The Philippines president’s snub of the military alliance with the US might signal a desire for a more independent foreign policy and more Chinese aid, says Walden Bello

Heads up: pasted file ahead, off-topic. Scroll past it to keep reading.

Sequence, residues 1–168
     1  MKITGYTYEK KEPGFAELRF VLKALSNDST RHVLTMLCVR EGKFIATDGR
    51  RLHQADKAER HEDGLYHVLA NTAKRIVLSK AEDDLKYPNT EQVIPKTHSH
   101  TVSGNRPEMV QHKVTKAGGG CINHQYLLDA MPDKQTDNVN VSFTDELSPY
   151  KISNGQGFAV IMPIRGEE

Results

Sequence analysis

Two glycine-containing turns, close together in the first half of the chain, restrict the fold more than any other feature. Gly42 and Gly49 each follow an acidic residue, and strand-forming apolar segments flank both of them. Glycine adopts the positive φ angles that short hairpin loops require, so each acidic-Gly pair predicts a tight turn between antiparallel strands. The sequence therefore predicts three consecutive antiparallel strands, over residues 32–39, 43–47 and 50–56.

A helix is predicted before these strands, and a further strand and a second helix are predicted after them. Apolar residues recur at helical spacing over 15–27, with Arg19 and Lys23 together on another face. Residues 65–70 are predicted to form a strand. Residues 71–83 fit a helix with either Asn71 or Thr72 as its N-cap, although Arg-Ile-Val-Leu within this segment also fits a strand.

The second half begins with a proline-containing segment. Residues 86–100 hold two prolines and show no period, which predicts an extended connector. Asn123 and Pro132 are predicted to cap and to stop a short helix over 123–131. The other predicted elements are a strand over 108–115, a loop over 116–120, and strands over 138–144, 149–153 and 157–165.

Story Transcript